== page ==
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The next conversation took place in September of that year, when a family member revealed that Krimo had a collection of knives and was threatening to “kill everyone”. No charges or complaints were filed.

Cremo legally purchased five guns, including a rifle used in the assault and one found in the vehicle with him when he was arrested, as well as guns and other firearms confiscated at his father’s home.

The violence in Highland Park came six weeks after a deadly elementary school violence in Uvalde, Texas that killed 19 children and two teachers, shocking – but not surprising – a country now completely staggering. immersed in potential.

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Coveli said the suspect planned the attack for several weeks and fled the scene wearing women’s clothing to hide his facial tattoo and mingling with the crowd.

He said a shooter armed with a high-powered rifle used a fire escape ladder to climb to the roof of a business along the parade route before firing more than 70 rounds at the crowd.

When it was over, the attacker reportedly dropped his rifle and mingled into the crowd, as if he were an “innocent spectator”.

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Police have no idea whether it was religiously or racially motivated, with Kovelli calling the attack “completely random”.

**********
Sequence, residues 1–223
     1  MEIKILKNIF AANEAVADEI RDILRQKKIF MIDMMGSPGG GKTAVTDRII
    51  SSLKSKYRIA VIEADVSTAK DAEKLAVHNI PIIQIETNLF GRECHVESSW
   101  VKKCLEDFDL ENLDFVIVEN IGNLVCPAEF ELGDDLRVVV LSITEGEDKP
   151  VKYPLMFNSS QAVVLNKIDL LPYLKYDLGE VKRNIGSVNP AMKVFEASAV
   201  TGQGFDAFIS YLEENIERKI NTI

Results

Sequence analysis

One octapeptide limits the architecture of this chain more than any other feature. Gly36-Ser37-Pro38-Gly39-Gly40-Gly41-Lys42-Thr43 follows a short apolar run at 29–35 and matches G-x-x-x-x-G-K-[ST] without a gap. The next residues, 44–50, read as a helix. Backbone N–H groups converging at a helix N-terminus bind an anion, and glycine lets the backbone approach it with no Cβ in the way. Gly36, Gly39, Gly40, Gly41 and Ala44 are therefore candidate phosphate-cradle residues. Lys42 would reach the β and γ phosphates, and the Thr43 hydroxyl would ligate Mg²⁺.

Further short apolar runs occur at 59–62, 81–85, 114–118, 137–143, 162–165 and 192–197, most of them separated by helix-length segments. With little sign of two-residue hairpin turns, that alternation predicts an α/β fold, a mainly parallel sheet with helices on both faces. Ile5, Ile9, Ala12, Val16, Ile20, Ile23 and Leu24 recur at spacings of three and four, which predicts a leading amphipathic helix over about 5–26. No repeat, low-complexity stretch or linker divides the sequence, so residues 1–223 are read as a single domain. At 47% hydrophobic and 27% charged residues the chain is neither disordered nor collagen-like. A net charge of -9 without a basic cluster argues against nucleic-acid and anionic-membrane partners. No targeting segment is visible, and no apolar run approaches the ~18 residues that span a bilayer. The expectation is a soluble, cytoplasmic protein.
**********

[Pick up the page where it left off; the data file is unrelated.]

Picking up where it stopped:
“What should have been a celebration of freedom has ended in despair for our community,” said Rinehart, behind him a battery of officers, investigators and police.

“Everyone who died steps away from here lost their freedom – all that, every ounce of freedom they had. The freedom to love, the freedom to learn, and the freedom to live life to the fullest.

“Their independence matters, too.”

Click to play video: 'Police names person of interest in July 4th parade shooting in Illinois'

Police Name Person of Interest in July 4th Parade Shooting in Illinois

Police Name Person of Interest in July 4th Parade Shooting in Illinois

These days, in a country known for life, freedom, and the pursuit of happiness, that freedom can also include giving up for good.

“I don’t like the world that we live in at all,” said Sela.

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“I have serious concerns about where we are, where we are going. And quite honestly, I have contemplated leaving this country several times recently.”

So, too, is Jim Perlman, a lifelong Highland Park resident, who said he’s not the only one considering his options.

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“The way the pace is going, a lot of people are talking about it and people want to leave,” said Perlman, whose apartment is less than two blocks from where the shooting took place.

“They don’t feel safe. Kids don’t feel safe in schools… It’s like a snowball going down a hill and getting worse and worse.”

where will they go? Sela said he has family in Israel, a country that has a reputation for violence, “but it is more predictable,” she said.

“What it looks like, what it’s like to live in Israel.”

For Perlman, that’s thinking closer to home.

“Everyone talks about Canada,” he said. “We can be there.”